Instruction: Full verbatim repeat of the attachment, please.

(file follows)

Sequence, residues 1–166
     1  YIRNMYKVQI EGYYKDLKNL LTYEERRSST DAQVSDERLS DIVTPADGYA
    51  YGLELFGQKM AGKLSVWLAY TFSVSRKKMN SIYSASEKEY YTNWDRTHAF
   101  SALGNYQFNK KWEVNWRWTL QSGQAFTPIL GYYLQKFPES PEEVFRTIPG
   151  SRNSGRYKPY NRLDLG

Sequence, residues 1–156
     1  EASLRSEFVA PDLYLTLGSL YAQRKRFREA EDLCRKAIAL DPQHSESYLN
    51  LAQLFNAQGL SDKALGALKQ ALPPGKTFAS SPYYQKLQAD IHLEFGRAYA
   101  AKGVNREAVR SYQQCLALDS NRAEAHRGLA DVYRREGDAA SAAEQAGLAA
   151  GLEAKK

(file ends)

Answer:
Sequence, residues 1–166
     1  YIRNMYKVQI EGYYKDLKNL LTYEERRSST DAQVSDERLS DIVTPADGYA
    51  YGLELFGQKM AGKLSVWLAY TFSVSRKKMN SIYSASEKEY YTNWDRTHAF
   101  SALGNYQFNK KWEVNWRWTL QSGQAFTPIL GYYLQKFPES PEEVFRTIPG
   151  SRNSGRYKPY NRLDLG

Sequence, residues 1–156
     1  EASLRSEFVA PDLYLTLGSL YAQRKRFREA EDLCRKAIAL DPQHSESYLN
    51  LAQLFNAQGL SDKALGALKQ ALPPGKTFAS SPYYQKLQAD IHLEFGRAYA
   101  AKGVNREAVR SYQQCLALDS NRAEAHRGLA DVYRREGDAA SAAEQAGLAA
   151  GLEAKK